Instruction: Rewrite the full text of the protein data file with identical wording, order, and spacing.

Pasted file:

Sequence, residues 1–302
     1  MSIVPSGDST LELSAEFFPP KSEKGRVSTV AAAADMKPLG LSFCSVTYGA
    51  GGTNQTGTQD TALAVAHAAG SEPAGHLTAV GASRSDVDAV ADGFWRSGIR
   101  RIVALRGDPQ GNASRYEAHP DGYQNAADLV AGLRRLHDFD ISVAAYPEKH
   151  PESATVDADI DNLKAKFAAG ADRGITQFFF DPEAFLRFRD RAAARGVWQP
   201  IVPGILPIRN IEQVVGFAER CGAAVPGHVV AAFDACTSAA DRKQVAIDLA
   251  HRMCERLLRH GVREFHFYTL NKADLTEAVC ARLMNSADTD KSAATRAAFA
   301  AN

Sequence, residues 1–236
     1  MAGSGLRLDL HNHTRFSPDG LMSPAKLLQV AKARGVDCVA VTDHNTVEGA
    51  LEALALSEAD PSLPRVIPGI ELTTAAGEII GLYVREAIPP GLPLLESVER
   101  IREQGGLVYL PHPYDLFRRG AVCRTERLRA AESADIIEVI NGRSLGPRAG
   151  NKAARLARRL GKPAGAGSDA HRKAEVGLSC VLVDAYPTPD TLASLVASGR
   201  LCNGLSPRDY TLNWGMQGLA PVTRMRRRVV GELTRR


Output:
Sequence, residues 1–302
     1  MSIVPSGDST LELSAEFFPP KSEKGRVSTV AAAADMKPLG LSFCSVTYGA
    51  GGTNQTGTQD TALAVAHAAG SEPAGHLTAV GASRSDVDAV ADGFWRSGIR
   101  RIVALRGDPQ GNASRYEAHP DGYQNAADLV AGLRRLHDFD ISVAAYPEKH
   151  PESATVDADI DNLKAKFAAG ADRGITQFFF DPEAFLRFRD RAAARGVWQP
   201  IVPGILPIRN IEQVVGFAER CGAAVPGHVV AAFDACTSAA DRKQVAIDLA
   251  HRMCERLLRH GVREFHFYTL NKADLTEAVC ARLMNSADTD KSAATRAAFA
   301  AN

Sequence, residues 1–236
     1  MAGSGLRLDL HNHTRFSPDG LMSPAKLLQV AKARGVDCVA VTDHNTVEGA
    51  LEALALSEAD PSLPRVIPGI ELTTAAGEII GLYVREAIPP GLPLLESVER
   101  IREQGGLVYL PHPYDLFRRG AVCRTERLRA AESADIIEVI NGRSLGPRAG
   151  NKAARLARRL GKPAGAGSDA HRKAEVGLSC VLVDAYPTPD TLASLVASGR
   201  LCNGLSPRDY TLNWGMQGLA PVTRMRRRVV GELTRR